Food in the Time of Coronavirus: How the Pandemic Has Affected Our Eating Habits | Everipe

Food in the Time of Coronavirus: How the Pandemic Has Affected Our Eating Habits

Kerry Roberts

Some years go down in history for politics, war, crazy weather, or even a major change in the economy. And there’s no question that 2020 will be going down in history as well: the year we all stayed home. 

The pandemic has completely changed the way we decide what to eat, where we get our food and how we prepare it. According to an annual survey conducted by the International Food Information Council, 85% of consumers say the coronavirus pandemic has changed their food habits, driving them to cook, eat, shop, and think about food differently. 

Last spring, panic buying was *definitely* a trend, as anyone who saw a grocery freezer section entirely empty can attest. As a result, there was a major shortage of paper goods (you all know which paper we’re referring to!) and foods like eggs, flour, and canned goods were harder than a PlayStation 5 to get your hands on.  All the while, food producers were dumping gallons of surplus milk. Seems sort of backward, right?

While staying home, we've passed the time learning new culinary skills (hello, sourdough and pancake cereal) as we learned to make the most of our own kitchens. Not suprisingly, Google Search Trends data shows that consumers are showing more interest in online grocery shopping, food delivery, local food sourcing and preserved foods. Here are five ways that the pandemic has changed eating, and the consumer shopping experience:

Fewer Trips to the Grocery Store

With recommendations from public health agencies across the globe, many have limited trips to the grocery store. According to a study by McKinsey & Co, before the pandemic 19% of Americans shopped for food more than 3x a week. By June, that number had dropped to 10%. 

Nutrition as a Tool for Health & Wellbeing

For many people, health and wellbeing is a top-of-mind concern. Many have turned to food to build their health throughout the pandemic. Many public and private organizations have provided guides to healthy eating, all tying back to messages of health back to our body’s ability to fight infection. 

The World Health Organization started a campaign titled #HealthyAtHome, promoting people to eat more fruits and vegetables and drink water, while cutting back on salt, sugar, unhealthy fats and alcohol. UNICEF provided a list of easy, affordable healthy eating tips for during the pandemic. 

As people look to protect themselves from COVID-19, they may also look towards immune-boosting foods. Mintel’s latest findings indicate that consumers are looking to plants and foods that improve overall health. Consuming “five-a-day” is a high priority, according to the market insight company, with a quarter of Britains saying they’re eating more fruits and vegetables than before the pandemic. (We're calling this a win. Take that, 2020.)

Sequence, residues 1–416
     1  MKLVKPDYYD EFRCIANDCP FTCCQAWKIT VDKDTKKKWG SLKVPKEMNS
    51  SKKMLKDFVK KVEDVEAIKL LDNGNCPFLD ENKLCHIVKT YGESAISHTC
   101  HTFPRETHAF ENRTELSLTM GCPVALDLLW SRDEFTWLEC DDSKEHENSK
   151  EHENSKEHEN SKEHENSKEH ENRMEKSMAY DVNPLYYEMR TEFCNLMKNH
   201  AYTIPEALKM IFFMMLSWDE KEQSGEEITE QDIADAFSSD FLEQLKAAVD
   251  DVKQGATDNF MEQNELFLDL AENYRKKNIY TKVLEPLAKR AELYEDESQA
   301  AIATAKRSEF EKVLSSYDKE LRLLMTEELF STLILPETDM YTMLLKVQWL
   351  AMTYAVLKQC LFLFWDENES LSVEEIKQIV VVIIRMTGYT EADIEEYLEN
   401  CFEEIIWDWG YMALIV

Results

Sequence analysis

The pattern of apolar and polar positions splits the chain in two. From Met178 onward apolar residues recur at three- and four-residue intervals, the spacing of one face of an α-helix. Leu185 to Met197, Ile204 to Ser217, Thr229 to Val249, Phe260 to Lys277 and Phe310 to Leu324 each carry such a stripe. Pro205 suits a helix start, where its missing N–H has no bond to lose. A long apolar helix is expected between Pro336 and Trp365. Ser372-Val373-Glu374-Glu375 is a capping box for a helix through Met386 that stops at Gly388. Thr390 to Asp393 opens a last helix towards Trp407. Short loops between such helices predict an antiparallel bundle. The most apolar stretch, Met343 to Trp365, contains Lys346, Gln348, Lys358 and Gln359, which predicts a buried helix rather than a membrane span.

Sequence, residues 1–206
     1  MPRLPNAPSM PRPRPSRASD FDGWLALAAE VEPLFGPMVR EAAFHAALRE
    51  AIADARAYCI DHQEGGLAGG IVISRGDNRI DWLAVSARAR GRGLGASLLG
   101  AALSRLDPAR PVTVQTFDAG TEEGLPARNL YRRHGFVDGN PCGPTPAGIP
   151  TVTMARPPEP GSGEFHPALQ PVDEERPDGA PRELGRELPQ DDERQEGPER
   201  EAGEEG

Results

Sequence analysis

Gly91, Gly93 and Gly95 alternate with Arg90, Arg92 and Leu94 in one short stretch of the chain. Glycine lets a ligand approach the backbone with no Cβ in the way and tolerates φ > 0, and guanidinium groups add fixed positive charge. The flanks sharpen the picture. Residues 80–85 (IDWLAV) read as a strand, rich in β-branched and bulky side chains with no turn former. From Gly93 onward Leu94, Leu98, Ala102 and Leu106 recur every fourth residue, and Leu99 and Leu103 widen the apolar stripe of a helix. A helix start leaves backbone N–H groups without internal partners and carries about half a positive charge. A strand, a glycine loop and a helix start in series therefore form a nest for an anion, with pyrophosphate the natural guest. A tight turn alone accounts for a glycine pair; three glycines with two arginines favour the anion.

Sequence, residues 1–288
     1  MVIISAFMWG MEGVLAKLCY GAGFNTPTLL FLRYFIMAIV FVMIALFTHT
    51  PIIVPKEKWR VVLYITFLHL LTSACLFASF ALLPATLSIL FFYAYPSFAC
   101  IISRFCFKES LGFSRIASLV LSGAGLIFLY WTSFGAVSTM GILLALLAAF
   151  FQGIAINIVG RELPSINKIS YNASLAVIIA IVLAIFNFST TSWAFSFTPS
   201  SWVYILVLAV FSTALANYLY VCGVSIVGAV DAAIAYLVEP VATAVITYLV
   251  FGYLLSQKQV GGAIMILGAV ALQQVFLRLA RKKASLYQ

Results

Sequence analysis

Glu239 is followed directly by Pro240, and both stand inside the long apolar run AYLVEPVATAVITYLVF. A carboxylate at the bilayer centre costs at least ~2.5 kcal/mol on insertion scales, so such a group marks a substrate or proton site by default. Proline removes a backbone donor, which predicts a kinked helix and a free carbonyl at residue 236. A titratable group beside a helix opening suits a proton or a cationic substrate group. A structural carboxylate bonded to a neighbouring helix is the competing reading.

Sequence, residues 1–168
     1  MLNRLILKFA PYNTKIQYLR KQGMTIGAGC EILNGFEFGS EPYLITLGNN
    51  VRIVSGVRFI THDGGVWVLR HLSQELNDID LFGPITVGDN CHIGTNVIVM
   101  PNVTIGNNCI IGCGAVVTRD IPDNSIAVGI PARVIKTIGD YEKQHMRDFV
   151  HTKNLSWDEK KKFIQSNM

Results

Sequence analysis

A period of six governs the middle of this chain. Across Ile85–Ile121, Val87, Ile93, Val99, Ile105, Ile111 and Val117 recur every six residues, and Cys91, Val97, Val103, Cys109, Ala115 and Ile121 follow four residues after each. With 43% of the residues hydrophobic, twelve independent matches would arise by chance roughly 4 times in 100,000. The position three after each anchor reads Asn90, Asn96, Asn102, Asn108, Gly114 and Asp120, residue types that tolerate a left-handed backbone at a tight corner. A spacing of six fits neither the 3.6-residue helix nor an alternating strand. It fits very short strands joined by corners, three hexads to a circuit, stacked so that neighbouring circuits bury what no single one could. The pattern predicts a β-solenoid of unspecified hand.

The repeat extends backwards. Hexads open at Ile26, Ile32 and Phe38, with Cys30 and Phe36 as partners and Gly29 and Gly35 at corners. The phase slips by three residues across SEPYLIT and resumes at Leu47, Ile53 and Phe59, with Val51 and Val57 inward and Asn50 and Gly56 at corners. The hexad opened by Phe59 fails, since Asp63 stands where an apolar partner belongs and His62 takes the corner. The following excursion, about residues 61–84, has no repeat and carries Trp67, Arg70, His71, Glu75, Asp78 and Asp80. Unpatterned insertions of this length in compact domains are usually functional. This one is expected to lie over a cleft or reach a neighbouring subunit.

Groceries Delivered

Fear of infection in public, particularly grocery stores, promoted a major increase in online grocery ordering systems. From click and collect to grocery delivery, the whole online grocery shopping scene has been buzzing since the beginning of the pandemic stay-at-home orders. According to data from a survey conducted by Brick Meets Click/Mercatus, U.S. online grocery sales hit $7.2 billion in June, up from $1.3 billion in early April. 

More Home Cooking

With the closure of restaurants and the fear of infection via takeout, many have retreated to home kitchens. According to a survey by PwC, 51% of U.S. consumers reported a significant increase in cooking at home, and 69% of those said that this activity has added to their quality of life during the pandemic. Yes to this! 

Preserved Foods

During the initial wave of panic buying (now there's a phrase we never thought we'd need to write), many people were focused on building up their pandemic pantry. This was such a popular phenomenon that the food industry labelled this consumer behaviour as “pantry-loading.” Shelf-stable foods such as canned vegetables, soups, and pastas were amongst the most sought-after products.  Foods with a long shelf life, like frozen foods, have also seen an increase.  Sales in frozen foods jumped by 94% in March from the previous year, according to the American Frozen Food Institute. That's a lot of frozen pizza. 

Freeze drying is an ancient preservation process (started by the Incas!) that extends the shelf-life of foods, and is considered to be one of the fastest growing trends in food. In 2016, it was projected that the global freeze-dried market would increase to $66.5 billion by 2021, but chances are the Coronavirus pandemic has accelerated that trajectory. Like freezing, freeze drying helps to preserve essential vitamins and nutrients in foods, without the use of chemicals or preservatives. Freeze drying removes 98% of the water from food, allowing it to retain its natural cellular structure (read: fiber, taste, and mouth feel). Once rehydrated, freeze dried food is similar in nutritional value to fresh food, making it one of the best ways to preserve food. 

A key advantage of freeze drying is that the food can be preserved at the peak of ripeness (and nutrient content!) unlike fresh food, which often reaches peak ripeness in transit. Also, when compared to other drying methods, freeze-drying has the best rehydration abilities. Not to mention, it frees up major real estate in your freezer. (Yup. Our Everipe Smoothies 5-pack goes right into your pantry.) 

2020 has been a year of big changes, on a global scale and right into our kitchens - we've been honored to help people feel good about what is in the pantry. Wishing you and your loved ones a restful and safe holiday. 

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